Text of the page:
Planting shade trees is one of the best ways someone can combat rising summer heat. Shade trees, when properly placed, lower cooling costs for home and provide cooler temps in summer for both the house and the surrounding yard. Not only that but planting the right shade tree a landscape so that the trees look like a natural extension of the surrounding greenery rather than purposeful choices for absorbing heat and breaking up all of the sunlight beaming down on a home.
In addition to lower cooling costs and cooler temps in summer though, shade trees provide other benefits to those who choose to grow them. Trees provide clean, fresh air, which can be refreshing for homeowners. These trees also help stop water from evaporating off the lawn so quickly, which is a plus for those who want green grass as well as shade. Trees help keep the earth-rooted, and it stops runoff. These trees also help prevent water pollution, making sure that chemicals aren't washed into storm drains. In addition to being attractive additions to one's yard, shade trees provide a massive slew of additional benefits that make them well worth the time and effort it takes to plant and nurture them to a full crown of growth.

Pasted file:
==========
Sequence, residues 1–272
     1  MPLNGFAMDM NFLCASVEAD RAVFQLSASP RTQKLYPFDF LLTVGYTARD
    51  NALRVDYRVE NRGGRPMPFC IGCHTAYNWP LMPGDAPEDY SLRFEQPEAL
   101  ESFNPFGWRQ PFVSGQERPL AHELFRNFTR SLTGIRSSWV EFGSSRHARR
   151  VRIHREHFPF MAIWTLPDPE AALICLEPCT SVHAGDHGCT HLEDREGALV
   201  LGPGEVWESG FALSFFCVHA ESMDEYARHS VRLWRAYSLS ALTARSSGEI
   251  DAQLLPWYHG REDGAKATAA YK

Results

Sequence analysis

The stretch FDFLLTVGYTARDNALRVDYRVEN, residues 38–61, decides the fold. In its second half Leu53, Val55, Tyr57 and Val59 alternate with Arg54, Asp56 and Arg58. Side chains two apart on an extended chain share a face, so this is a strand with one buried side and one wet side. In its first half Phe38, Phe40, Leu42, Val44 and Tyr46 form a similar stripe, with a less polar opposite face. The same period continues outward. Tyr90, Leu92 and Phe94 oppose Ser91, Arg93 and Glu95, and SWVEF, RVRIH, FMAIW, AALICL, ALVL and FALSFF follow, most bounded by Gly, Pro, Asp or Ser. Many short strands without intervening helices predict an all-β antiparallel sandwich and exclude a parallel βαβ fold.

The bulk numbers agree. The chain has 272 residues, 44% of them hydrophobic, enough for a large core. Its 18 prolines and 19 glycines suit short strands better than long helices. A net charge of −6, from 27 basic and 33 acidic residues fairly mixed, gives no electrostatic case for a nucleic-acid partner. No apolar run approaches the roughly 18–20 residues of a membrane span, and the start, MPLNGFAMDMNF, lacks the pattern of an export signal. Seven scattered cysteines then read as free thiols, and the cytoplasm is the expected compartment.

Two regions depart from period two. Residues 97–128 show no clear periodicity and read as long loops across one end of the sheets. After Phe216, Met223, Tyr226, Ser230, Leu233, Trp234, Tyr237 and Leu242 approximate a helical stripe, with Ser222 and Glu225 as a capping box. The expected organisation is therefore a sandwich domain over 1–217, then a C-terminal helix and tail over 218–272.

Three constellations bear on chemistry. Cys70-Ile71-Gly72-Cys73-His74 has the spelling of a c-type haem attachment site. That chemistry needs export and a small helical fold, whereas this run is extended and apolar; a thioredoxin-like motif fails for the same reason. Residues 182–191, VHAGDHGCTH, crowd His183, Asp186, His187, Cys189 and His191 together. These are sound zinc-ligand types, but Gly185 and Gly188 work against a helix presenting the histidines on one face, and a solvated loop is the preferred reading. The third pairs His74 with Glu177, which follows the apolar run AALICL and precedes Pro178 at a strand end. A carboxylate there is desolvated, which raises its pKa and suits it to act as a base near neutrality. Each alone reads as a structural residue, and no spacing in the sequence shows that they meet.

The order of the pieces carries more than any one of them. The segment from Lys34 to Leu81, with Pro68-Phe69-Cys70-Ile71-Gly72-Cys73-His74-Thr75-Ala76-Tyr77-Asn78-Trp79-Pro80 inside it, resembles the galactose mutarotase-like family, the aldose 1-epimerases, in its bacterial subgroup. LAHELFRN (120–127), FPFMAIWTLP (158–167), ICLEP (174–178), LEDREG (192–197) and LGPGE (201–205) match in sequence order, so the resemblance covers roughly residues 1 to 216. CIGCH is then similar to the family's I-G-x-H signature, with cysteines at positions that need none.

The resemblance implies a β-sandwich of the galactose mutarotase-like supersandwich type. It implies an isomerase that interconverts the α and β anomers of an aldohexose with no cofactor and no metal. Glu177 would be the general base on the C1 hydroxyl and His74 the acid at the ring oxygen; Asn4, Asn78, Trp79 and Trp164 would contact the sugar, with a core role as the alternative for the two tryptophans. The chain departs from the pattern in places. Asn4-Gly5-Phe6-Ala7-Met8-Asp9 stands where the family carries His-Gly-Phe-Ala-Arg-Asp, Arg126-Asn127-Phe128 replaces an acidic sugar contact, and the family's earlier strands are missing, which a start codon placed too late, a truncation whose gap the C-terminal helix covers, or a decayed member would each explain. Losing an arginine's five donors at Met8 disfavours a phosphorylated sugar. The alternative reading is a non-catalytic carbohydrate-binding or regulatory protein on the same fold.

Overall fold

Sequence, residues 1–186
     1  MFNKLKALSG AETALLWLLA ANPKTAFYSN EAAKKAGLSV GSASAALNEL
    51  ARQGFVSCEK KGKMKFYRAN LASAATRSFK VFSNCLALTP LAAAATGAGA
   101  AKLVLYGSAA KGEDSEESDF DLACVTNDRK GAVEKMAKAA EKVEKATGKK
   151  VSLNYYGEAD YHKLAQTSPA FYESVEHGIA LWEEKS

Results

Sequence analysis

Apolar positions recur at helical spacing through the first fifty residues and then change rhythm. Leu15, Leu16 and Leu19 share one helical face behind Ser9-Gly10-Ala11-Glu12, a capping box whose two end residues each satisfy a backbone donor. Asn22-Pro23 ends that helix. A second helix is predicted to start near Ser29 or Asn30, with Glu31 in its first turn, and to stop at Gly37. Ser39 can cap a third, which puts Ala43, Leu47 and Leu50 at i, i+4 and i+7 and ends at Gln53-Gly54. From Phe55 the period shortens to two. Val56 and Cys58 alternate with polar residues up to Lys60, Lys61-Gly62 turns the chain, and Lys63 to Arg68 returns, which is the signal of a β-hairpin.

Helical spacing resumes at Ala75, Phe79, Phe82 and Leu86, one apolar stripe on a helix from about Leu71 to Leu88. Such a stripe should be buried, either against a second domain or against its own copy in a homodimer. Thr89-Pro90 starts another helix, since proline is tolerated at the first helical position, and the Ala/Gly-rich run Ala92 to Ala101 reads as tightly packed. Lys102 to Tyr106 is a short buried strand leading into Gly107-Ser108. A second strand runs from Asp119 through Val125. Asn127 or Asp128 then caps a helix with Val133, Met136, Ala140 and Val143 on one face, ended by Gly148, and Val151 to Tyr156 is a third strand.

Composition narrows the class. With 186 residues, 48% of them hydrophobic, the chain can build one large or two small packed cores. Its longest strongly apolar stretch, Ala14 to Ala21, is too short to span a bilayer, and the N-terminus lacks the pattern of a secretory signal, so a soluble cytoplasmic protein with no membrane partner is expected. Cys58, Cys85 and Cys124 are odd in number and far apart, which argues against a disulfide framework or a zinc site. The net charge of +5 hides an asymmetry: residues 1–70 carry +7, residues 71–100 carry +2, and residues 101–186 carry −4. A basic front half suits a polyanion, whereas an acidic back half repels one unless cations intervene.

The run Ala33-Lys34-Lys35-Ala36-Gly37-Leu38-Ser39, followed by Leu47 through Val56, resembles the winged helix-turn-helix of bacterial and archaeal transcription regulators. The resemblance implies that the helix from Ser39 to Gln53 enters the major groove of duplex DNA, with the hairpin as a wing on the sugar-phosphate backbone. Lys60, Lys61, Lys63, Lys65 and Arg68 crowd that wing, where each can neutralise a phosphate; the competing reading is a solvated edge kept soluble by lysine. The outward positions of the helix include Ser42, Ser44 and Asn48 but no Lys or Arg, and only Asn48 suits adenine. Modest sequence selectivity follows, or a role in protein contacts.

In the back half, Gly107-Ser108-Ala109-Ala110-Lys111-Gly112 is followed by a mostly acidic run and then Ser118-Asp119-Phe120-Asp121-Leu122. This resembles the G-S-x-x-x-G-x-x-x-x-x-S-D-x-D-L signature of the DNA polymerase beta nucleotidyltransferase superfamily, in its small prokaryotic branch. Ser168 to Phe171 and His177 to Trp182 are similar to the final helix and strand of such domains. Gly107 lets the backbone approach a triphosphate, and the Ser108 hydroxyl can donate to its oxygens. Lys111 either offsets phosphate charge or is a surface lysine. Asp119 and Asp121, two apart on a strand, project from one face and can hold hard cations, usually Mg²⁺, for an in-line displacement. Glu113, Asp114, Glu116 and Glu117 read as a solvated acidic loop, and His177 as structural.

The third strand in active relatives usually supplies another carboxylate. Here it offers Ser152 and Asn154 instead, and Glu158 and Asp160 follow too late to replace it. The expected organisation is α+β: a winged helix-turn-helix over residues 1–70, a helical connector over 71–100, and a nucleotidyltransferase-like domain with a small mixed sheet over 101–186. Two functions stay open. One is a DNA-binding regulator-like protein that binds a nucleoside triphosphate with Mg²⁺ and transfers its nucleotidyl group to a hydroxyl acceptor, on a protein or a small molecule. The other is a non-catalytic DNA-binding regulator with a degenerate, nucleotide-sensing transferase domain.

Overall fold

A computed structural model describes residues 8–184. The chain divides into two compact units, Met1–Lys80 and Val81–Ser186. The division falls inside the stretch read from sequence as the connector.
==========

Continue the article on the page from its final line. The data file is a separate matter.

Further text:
What Kinds of Shade Trees Can One Plant?
There are a massive variety of shade trees out there, and which one someone should plant depends on where they live and what sort of appearance the homeowner wants the trees to have. Red maple trees and sugar maple trees, for instance, grow tall and wide, providing plenty of shade during the warm months. They also drop a lot of leaves, which can be said for oak trees as well. There are many other shade trees, ranging from cypress and birch trees to maples, along with a variety of others.
When it comes to shade trees, whether someone prefers red maple trees, sugar maple trees, oak trees, or another variety entirely it's essential to get trees that grow relatively quickly, and which have a dense leaf pattern. Homeowners will have to trim the branches and make sure the trees grow in the proper direction so that they don't end up getting too close to any buildings. While the right tree may complete a landscape, it can cause a lot of issues when grown in just the wrong spot.